Hello guys, my name is Eli I'm a college student currently working on a homestead in the Blueridge mountains of North GA. I'll attach a photo of the Yurt I'm building so you guys can have an idea, but my question is really about long-term development.
As I attend college in KY (Berea College) I'm not home to really work the land, but I want to begin a process of making it ready for development. The land is very wooded and a large portion of it is sloped. It has a small pond on it fed by a stream. The entire property is wooded and I don't want to remove the forest, however, I'm interested in making the land bountiful. Can you guys point me to literature or forums that deal with permaculture in a pre-existing forest?
Location: Down the road and around the bend, Southern Ohio, Zone 6a/6b
posted 2 years ago
My patch of forest is several hours north of yours, so we probably have lots of species overlap. Your land is probably already somewhat bountiful. Here, for example, we showed up to black walnut, elderberry, raspberry that hasn't flowered, spring onion, and various edible greens.
Howdi Eli, welcome to permies! You are in the best forum here for learning about forest gardening. Just spend some time looking at some of the other threads here in the "forest Gardening " forum. Be sure to ask questions too. I have ten acres in a forest in Wyoming and as Shalom has said, I am still finding out what is edible there. You may already have lots of edibles in yours. If you can identify yours , that will help you identify other things that might grow in the same zone and habitat. Don't forget to find the plants and trees that help fix nitrogen and /or are dynamic accumulators. You will want to keep them.
I'd second the ideas of the previous posters in doing some research and observation about what's already growing on the place, both to learn about useful resources for present and future, and to know what's there so you don't destroy something valuable in the course of any changes you might be contemplating making.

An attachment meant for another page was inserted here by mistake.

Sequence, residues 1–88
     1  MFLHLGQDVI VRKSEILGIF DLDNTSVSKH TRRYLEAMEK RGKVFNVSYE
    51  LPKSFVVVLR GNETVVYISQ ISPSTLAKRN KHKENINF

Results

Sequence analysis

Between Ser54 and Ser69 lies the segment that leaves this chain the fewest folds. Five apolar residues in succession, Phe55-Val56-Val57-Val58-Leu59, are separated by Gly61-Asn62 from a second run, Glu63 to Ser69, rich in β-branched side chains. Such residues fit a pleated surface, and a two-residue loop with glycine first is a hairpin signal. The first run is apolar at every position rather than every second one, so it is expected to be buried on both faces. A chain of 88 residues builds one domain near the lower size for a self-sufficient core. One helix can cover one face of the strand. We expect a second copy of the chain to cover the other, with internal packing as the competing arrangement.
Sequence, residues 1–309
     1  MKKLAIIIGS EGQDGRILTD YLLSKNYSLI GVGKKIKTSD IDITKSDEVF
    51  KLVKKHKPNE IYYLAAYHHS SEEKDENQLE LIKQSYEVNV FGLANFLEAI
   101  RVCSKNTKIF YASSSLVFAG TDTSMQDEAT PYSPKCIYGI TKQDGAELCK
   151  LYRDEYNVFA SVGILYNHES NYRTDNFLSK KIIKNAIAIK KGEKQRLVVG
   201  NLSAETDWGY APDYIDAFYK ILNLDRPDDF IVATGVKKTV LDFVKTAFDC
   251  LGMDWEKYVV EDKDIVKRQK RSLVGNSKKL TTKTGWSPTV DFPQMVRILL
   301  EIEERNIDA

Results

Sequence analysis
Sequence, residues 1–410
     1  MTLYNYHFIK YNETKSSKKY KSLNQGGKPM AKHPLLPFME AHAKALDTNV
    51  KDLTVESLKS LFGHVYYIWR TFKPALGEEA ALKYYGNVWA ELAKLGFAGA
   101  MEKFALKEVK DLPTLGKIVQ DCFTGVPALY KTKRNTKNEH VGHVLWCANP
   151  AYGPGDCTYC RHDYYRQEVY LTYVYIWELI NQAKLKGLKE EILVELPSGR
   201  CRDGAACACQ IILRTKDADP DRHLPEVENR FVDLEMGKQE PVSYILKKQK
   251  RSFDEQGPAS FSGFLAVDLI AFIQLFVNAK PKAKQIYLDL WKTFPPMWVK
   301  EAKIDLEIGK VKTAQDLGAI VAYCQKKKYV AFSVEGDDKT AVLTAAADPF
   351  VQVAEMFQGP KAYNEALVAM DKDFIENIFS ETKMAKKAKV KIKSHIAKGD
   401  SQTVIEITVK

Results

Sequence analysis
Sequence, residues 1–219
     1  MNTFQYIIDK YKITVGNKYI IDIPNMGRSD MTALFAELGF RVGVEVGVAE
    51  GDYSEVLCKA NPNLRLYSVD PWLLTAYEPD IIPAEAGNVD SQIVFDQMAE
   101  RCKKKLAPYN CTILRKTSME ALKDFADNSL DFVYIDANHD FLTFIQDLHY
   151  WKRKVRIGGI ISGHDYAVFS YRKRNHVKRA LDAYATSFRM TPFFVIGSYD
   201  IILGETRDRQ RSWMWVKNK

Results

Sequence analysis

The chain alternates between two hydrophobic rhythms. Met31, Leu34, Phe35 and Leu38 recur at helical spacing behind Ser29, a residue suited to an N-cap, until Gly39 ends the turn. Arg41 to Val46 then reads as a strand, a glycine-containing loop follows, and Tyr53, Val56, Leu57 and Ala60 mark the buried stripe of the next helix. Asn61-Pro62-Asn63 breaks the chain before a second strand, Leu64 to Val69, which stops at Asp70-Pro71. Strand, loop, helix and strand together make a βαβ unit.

That said, you are likely to be facing an uphill battle in creating real productivity in food from a site like this. You might have success tucking in some nut trees and woodland adapted fruits (pawpaw comes first to mind) along edges and clearings (most such plants will need at least a little sun), but it will be some years before these can provide a significant part of your diet. Non-food resources, like firewood, will be in abundance, and you can gather these while at the same time designing for future plantings etc. You might also consider animals in the woods....depending on how large the landholding is and how well it is fenced, poultry, pigs, and goats can potentially gain a large portion of their subsistence from a landscape like this. But keeping them onsite, and keeping them away from plants and areas you want to keep undamaged, will be a challenge.
The fact is that most of our food plants, especially those that produce within a short timeframe, are sun-lovers. For vegetables, grains, legumes, and even most fruit trees, you will need a clearing (or more than one) where direct sun can reach the ground for several hours per day. Creating this in a forested setting is a big project, and in your case terracing the site to hinder erosion might make it even bigger. The question needs to be asked at the outset as to whether this is the best use of the site, or whether other yields or income sources might be better focused on and either garden space or purchased/traded food be better accessed off site. This is more arguably the case on steeply sloping land that will be difficult to work with, and where there is old-growth or any endangered species present. Mollison says in some place "Stay out of the bush"....meaning that the damage we can often end up doing in settling on and producing food from previously undisturbed wilderness is not the best path...
Alder Burns (adiantum)
If you are using a wood chipper, you are doing it wrong. Even on this tiny ad: